No clear way forward for renters after Supreme Court lifts federal eviction moratorium during COVID-19 pandemic

masked protester holds a stop eviction sign
Photo by Spencer Platt/Getty Images

The future for tens of millions of renters in the U.S. has grown suddenly darker now that the Supreme Court struck down a federal moratorium on evictions that served as a critical stopgap measure for countless communities devastated by the COVID-19 pandemic.

But what happens now, and when一how quickly courts process eviction filings and whether state and local governments will step in to assist renters一is not exactly clear, says Dan O’Brien, associate professor of public policy and urban affairs.

Housing experts have said that a tsunami of evictions would follow the end of the moratorium, but O’Brien says that given how long eviction proceedings normally take, such a backlog may be more of a dribbling out.

Left, Dan O’Brien, Associate Professor of Public Policy and Urban Affairs and Criminology and Criminal Justice; Director, Boston Area Research Initiative. Photo by Adam Glanzman/Northeastern University. Right, Director of Hybrid and Online Programs in the School of Law; Director of the Law and Public Policy Minor. Photo by Matthew Modoono/Northeastern University

Either way, the impact on society at large, as more people are evicted and forced into homeless shelters and in other congregate settings, is not good一particularly as the pandemic rages on and the highly contagious delta variant continues to spread, O’Brien says.

“People who are deeply vulnerable, and who had been made more vulnerable by the pandemic, are now basically awaiting sentencing, as it were,” he says. “An eviction is already a pretty bad thing to experience, to put it bluntly. Not only do you get kicked out, but you now have this black mark on your record.”

On Thursday, the Supreme Court issued an eight-page decision in response to the Biden administration’s emergency appeal of a lower court decision to strike down the moratorium, ruling that the Centers for Disease Control and Prevention, the federal agency that issued the freeze, had exceeded its authority.

It was the second CDC-issued ban on evictions since the pandemic began after the initial freeze expired at the end of July. The Supreme Court signaled, in a prior ruling on the first ban, that it considered the moratorium to be unlawful, issuing a 5-4 decision that sustained the law, with Justice Brett Kavanaugh only voting to sustain it to bide time for Congress to disburse rental assistance funds set aside under the American Rescue Plan. Kavanaugh noted in his opinion that he thought the moratorium to be unlawful.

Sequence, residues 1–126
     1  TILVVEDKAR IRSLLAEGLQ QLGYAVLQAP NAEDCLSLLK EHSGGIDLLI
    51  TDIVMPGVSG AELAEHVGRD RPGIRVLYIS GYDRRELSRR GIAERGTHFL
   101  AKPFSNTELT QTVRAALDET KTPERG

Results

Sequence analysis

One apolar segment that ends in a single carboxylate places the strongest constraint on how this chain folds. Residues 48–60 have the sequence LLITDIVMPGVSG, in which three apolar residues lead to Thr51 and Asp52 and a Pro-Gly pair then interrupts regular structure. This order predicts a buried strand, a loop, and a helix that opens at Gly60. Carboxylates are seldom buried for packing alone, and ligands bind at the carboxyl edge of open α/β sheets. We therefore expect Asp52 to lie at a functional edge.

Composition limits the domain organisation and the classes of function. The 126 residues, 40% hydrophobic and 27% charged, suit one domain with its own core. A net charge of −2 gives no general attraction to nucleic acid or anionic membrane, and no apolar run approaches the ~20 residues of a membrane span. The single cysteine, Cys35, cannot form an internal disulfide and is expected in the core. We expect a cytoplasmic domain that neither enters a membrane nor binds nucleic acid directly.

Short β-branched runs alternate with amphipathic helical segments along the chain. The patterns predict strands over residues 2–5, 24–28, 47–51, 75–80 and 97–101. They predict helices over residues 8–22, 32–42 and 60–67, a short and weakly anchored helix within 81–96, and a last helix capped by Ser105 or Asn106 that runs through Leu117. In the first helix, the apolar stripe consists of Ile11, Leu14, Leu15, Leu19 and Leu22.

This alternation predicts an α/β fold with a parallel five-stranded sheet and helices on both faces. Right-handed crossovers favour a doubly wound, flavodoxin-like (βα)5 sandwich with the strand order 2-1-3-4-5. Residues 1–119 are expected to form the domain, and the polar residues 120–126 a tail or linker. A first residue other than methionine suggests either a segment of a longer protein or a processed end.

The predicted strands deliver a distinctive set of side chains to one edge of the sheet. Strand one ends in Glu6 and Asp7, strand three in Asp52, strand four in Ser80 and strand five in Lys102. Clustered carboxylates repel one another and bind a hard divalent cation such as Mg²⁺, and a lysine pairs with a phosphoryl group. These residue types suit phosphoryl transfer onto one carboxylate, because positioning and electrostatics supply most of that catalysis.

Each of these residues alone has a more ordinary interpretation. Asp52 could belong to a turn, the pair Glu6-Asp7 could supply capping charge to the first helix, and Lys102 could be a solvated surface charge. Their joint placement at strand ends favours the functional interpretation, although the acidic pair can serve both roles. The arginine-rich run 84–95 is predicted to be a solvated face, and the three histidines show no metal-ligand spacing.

The new August 3 order was more narrowly tailored to the parts of the U.S. where infection rates were highest, but questions remained as to whether it would pass legal muster.

Not only did it not do so, but most of the more than $46 billion in federally allocated rental relief remains tied up in bureaucracy. Roughly $5 billion had been distributed through July, according to data from last week. With Congress in a perpetual partisan gridlock, it’s unlikely that more aid is on the way, O’Brien says.

“There’s no clear way forward,” O’Brien says, noting that the pandemic could go on for years, which may entail prolonged economic hardship for millions of renters, many of whom live in communities of color and other marginalized areas already ravaged by the pandemic.

He says some cities, such as Philadelphia, have implemented measures that require landlords looking to evict tenants to go through mediation first, which has helped cut down on the number of evictions. These strategies could be critical moving forward, as municipalities discuss how to help shield tenants from the fallout in the face of potentially more legal challenges to further action, he says.

After all, housing issues are traditionally handled at the state level, says Dan Urman, who teaches constitutional law and the modern U.S. Supreme Court at Northeastern.

The high court’s ruling shed light on how the different branches of the federal government “work with and against one another” on such a pressing issue一one that’s fallen onto the administration’s lap due to the sheer scale and scope of those affected under pandemic conditions, Urman says.

“There’s really a larger story about which branches and levels of government make policy,” Urman says.

He says there’s another lesson to be learned about the ideological leanings of the Supreme Court.

“People talk about the court being political一it is not an accident that the Republicans are voting the way they are, and the Democrats are voting the way they are,” Urman says. “This is just another illustration of how the long-term conservative project to remake the Supreme Court specifically, and the federal courts in general, has real-world consequences.”

For media inquiries, please contact